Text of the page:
John is a Registered Clinical Counsellor with the British Columbia Association of Clinical Counsellors and has a Master's degree in Counselling Psychology from Adler School of Professional Psychology (now Adler University)
John has two main areas of interest for his practice. The first is working with adult clients who struggle with complex traumatic stress disorder-more specifically those who as children were abused either physically, sexually or emotionally or all of the above; or were neglected to the point of not having their emotions or lived experience validated. The second area of interest is in working with couples to create the relationship they hope for.
These two areas of focus may appear to be disparate, but they certainly are not. It is not difficult to see how feelings of inadequacy, needing to be in control of their environment, underlying shame and guilt can impact one's romantic relationship with a significant other.
John has worked with clients who have been diagnosed with Borderline Personality Disorder, PTSD and underlying Depression who were sexually and/or physically abused as children. He has witnessed these clients go from being distraught, dissociative and highly suicidal to having the courage to make transformative change happen for themselves. Central to this transformation is in developing a nonjudgmental curiosity about their experience and out of this self-reflection the search for meaning - or connect the dots is possible.
It is out of this process of searching for meaning and coming to terms with a world that has abandoned, neglected or abused them the client always reveals their inherent strengths - including their value system.
When a person can develop self-reflection, they are able to identify what they are truly feeling; and by labeling these emotions correctly, they are then able to explore alternative ways of responding to these emotions and develop tolerance for them.
Yes there will be skill building or learning new coping strategies as part of the therapy. However, too often many people will have a very extensive emotional regulation tool kit, but never use them at a time when triggered - this is normal! It is important to learn how to be present, grounded and aware of what is going on, so the skills will be used.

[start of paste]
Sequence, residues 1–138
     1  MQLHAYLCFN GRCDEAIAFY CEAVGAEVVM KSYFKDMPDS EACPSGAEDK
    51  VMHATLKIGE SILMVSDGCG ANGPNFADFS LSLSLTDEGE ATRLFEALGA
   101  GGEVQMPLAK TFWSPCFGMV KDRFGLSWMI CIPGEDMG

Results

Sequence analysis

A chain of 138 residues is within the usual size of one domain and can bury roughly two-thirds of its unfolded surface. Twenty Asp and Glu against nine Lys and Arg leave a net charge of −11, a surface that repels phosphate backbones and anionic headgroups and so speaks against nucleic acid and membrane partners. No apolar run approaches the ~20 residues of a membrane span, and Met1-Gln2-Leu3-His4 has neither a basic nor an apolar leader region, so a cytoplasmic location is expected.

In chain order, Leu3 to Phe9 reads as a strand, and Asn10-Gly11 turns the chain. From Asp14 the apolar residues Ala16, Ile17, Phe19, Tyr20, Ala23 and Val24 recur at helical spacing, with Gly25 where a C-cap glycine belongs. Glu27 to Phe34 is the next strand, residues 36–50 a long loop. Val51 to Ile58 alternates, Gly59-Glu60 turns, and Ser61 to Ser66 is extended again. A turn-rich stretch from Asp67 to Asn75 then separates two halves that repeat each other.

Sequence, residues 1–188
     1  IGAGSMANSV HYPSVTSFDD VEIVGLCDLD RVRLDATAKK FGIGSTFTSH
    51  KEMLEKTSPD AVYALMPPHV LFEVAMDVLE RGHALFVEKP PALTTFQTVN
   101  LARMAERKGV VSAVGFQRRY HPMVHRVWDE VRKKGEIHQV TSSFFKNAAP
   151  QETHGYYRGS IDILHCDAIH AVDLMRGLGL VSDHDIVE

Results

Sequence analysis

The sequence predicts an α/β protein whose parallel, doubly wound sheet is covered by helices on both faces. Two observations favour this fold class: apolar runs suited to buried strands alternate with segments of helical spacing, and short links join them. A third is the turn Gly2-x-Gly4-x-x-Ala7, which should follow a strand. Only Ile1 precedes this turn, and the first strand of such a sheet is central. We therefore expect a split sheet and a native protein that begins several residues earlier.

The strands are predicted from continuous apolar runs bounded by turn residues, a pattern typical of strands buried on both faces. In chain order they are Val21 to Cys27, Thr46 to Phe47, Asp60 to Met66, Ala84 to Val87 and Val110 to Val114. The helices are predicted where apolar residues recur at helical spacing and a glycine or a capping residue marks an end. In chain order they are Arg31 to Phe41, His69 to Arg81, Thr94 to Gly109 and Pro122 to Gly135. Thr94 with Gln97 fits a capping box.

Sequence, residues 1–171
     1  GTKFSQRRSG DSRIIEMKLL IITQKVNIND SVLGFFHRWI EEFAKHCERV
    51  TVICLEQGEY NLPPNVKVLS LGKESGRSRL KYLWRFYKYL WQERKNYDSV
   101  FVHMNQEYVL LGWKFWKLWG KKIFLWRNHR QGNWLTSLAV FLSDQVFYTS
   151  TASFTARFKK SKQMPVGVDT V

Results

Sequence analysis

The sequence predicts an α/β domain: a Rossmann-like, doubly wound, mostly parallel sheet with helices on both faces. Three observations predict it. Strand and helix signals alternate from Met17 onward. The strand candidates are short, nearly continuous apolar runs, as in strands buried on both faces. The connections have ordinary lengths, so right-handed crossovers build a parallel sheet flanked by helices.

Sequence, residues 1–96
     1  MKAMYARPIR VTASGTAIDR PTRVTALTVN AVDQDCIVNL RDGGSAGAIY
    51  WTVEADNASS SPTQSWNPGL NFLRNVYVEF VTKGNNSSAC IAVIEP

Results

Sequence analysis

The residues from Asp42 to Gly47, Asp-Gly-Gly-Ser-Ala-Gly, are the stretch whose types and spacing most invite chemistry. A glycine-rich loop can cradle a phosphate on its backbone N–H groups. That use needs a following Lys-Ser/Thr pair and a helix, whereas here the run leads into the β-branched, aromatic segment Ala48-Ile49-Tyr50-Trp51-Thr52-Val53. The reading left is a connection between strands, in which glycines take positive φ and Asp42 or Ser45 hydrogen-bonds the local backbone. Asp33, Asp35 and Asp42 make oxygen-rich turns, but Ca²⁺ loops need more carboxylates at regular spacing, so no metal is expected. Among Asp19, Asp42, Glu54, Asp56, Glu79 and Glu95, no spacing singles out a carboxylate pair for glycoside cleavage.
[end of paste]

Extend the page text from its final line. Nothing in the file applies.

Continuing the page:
For the client to be in charge of their therapy - going at the client's pace - is crucial to John's approach. When it comes to processing the past abuses, it is not necessary to share all the details of the abuse history or order to find resolution.
For example, whether it is a female or male client who was sexually abused as a child, these details can be processed out, so-to-speak, without the therapist having to hear every detail. If there is a topic that is interfering with one's adult sex life, then that can be explored to the degree that it leads to a healthy resolution.
Often the past 'hurts' interfere with the present in ways that are not so obvious. In couples therapy, John aims to create a safe, respectful environment so that both partners come to understand each other's experience and underlying expectations for the relationship. Trust, commitment and healthy boundaries are crucial and the way to this is through honest healthy communication - that often alludes the couple when it is needed most. Again, it is finding meaning or making sense of why we respond the way we do can be very helpful. John believes that each partner in a committed relationship brings something unique and valuable to the other; and this can lead to a fulfilling deeply loving experience.
With understanding, and a willingness to change by both parties, the couple can recreate hope, commitment and trust in the relationship - a secure attachment that nurtures both.